Mission update

Next on Fantastical Truth

Did you ever read the essay where C. S. Lewis criticized trump… ery? At the holiday season? “They buy gifts for one another such things as no man ever bought for himself,” Lewis lamented. But he did love Christmas. So did professor J. R. R. Tolkien, who celebrated so hard that he ghost-wrote letters from Father Christmas, from the North Pole, for his own children. What can we learn about critiquing yet celebrating Christmas from these two legends?

  1. Featured images from Abhishek Hajare on Unsplash (red chilis) and Alexander Schimmeck on Unsplash (green candy).
Fantastical Truth
Fantastical Truth

Lorehaven explores fantastical stories for God's glory: fantasy, sci-fi, and beyond.

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    In the Fantastical Truth podcast from Lorehaven, hosts E. Stephen Burnett and Zackary Russell explore fantastical stories for God's glory and apply their wonders to the real world Jesus calls us to serve.
    1. What constitutes sweet or spicy vs something of substance may depend on the person, because everyone has different reasons for watching a show, and each person gets something a little different out of it. There’s been shows that, to me, seemed sweet or spicy in a frivolous manner, but then there were other people that got something meaningful out of them. My preferred story ‘diet’ tends to be mainly dark and serious tales that reflect the ups and downs of life — things with meaning and substance to them. But sometimes I like those stories to be ‘flavored’ with a bit of the sweet and spicy, because those things are part of life too.

      When it comes to sweet and spicy, though, I sometimes care more about fan responses than what the author writes. I constantly read the comments sections on stories, articles, Youtube videos, etc, and there are a lot of people that desire sweet saccharine stories and decry toxic behavior, while also being toxic themselves. A lot of people view themselves as the noble, sweet, heroic character, and they idealize that because they see it as the opposite of whatever hurt them in the past. Unfortunately, however, there’s times when they act more like the petty vengeful characters that harm others in an attempt to punish whoever they think deserves it.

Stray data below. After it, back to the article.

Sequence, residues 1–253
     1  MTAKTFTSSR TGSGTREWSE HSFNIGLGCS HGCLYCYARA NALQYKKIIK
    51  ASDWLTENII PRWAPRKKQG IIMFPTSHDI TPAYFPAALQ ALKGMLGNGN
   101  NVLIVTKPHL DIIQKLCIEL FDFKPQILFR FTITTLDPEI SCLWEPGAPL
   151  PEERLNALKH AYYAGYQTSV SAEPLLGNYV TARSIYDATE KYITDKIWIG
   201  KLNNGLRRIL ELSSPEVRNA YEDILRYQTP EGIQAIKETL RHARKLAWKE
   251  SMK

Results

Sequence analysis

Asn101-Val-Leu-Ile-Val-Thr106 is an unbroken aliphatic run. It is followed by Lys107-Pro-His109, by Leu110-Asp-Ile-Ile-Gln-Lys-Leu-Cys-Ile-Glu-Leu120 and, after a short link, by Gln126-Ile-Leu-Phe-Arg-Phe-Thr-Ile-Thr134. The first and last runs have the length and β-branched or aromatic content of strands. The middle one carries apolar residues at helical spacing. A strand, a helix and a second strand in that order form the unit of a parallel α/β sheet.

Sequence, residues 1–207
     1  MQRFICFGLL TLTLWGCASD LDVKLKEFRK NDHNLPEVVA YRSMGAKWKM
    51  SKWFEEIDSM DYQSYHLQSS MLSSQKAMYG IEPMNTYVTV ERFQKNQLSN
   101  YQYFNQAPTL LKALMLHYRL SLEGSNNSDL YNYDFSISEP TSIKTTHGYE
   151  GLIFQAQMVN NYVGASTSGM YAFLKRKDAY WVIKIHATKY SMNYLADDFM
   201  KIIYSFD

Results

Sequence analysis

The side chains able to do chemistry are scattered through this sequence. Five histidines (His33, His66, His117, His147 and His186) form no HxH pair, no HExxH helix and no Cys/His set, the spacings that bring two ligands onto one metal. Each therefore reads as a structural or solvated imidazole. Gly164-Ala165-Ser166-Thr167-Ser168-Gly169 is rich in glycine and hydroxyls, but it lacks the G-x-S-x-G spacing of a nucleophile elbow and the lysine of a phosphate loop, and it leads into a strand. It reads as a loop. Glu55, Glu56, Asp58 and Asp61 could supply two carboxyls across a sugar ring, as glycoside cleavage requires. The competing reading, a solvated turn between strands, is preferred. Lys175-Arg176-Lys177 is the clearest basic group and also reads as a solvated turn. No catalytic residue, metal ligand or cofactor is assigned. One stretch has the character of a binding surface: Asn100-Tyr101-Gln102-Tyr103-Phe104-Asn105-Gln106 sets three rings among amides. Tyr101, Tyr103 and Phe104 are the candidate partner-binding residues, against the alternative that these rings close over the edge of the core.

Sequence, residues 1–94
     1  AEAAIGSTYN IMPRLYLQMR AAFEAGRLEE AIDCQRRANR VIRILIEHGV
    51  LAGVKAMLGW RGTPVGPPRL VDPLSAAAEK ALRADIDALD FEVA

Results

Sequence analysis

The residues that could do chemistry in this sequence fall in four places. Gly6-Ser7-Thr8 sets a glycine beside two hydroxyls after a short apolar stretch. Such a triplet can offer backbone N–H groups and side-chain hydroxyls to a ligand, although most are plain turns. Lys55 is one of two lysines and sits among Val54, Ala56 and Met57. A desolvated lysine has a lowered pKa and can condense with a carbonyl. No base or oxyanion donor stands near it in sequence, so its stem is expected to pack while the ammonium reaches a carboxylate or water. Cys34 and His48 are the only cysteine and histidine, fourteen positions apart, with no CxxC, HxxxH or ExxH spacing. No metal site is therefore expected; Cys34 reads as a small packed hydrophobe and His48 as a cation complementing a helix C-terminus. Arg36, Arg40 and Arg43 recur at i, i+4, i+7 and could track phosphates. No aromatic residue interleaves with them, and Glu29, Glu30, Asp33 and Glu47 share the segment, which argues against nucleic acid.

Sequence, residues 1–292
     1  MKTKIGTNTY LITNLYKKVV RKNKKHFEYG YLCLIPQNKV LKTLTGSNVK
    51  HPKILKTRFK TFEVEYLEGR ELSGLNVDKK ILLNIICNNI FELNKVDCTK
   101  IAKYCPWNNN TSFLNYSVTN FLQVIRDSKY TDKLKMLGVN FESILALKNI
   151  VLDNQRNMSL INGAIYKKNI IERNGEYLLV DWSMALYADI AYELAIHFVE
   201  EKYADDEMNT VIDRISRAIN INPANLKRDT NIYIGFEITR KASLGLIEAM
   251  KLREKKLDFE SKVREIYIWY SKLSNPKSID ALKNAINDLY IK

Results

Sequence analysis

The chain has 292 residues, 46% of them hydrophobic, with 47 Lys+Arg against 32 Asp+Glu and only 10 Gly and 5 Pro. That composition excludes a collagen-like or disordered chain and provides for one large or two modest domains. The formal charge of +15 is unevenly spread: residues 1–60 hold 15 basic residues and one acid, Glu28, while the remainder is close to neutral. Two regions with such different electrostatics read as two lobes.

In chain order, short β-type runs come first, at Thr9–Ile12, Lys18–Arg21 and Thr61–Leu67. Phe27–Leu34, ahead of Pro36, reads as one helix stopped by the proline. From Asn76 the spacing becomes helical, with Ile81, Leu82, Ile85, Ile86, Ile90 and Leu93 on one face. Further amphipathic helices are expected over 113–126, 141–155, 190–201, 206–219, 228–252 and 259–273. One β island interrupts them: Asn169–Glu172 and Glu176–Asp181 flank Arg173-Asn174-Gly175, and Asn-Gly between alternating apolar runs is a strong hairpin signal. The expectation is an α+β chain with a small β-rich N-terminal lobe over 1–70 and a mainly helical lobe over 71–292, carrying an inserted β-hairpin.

This can really put me off of certain sweet or spicy stories when they feel like a part of that dynamic. I’m still pinpointing exactly what’s going on with these kinds of stories (and fan responses), but I think part of it is people taking on a victim or savior complex that justifies harming whoever they feel deserves it at the moment. But the sweet stories coat it over with a veneer of niceness that makes these problems much harder to point out and address. It also shows a lack of self awareness in many people, and gives the stories and fan commentary a passive aggressive vibe. It’s fascinating, and reveals a lot about human nature, so I like it from that standpoint. It’s important to study, because some of those dynamics explain a lot of what is happening in our society today. At the same time, it can be unsettling and make certain stories less enjoyable, because it exposes dangerous patterns in human behavior that are causing a lot of problems, and it looks like people are allowing these stories to reinforce that toxic behavior instead of encouraging them to overcome it.

      I don’t always gravitate toward spicy stories, either, but I like them for social commentary, and even if they’re outrageous or meant to offend, they’re extremely useful for opening up a conversation. I saw a video responding to the sports comedy you talked about in the podcast…I’m not sure if you’re ok with me posting a link to the video? It’s good commentary, but it would reveal the name of the show, which you avoided mentioning in the podcast. But, anyway, the video was by someone that saw the premiere and isn’t a super conservative guy, but he liked the movie quite a bit. He showed a couple of the negative responses people had to the movie, and those negative responses reveal misconceptions that trans activists have about the people they disagree with. Witnessing those misconceptions is an opportunity to see how we can communicate better when tackling these issues; and since people on both sides are probably going to be squabbling with each other in comments sections about this movie, it’s at least getting both sides talking to each other.

      That opens up a channel where people who WANT to have a constructive conversation can go in and start bridging the gap and doing some problem solving. To an extent I would liken it to the previous Lorehaven article about Fast and the Furious. It may not have handled everything well, and a lot of people reacted negatively to it. But it opened up an opportunity for people in the comments section to have a somewhat more nuanced conversation, and some people seemed to benefit from that. Obviously people should try to communicate as well as possible, but we definitely shouldn’t dismiss the fact that more ‘outrageous’ stories can act as icebreakers for conversations we need but probably would be too afraid to have otherwise.

      ‘The right people are angry’ can be a good phrase for giving people courage to speak out, or as a bit of edgy fun. So from that standpoint it’s good in small quantities. But it can also be detrimental if it’s used as a regular mindset, because it can cause people to overlook information they may actually need to consider. If people are constantly dismissing outrage as ‘making the right people angry’, they’re a lot less likely to listen to details they might need to hear in order to solve the situation.

      Listening to what the other side has to say doesn’t mean bowing to the ‘enemy’. It means figuring out everything that is going on so that better strategies can be built. Even if the other side is wrong in their behavior, they may still point out problems that need to be fixed. That doesn’t justify their behavior, but if we want to be right we have to actually DO the right thing and be constructive problem solvers, instead of just wallowing in our favorite ways to talk and rant about stuff.

    What say you?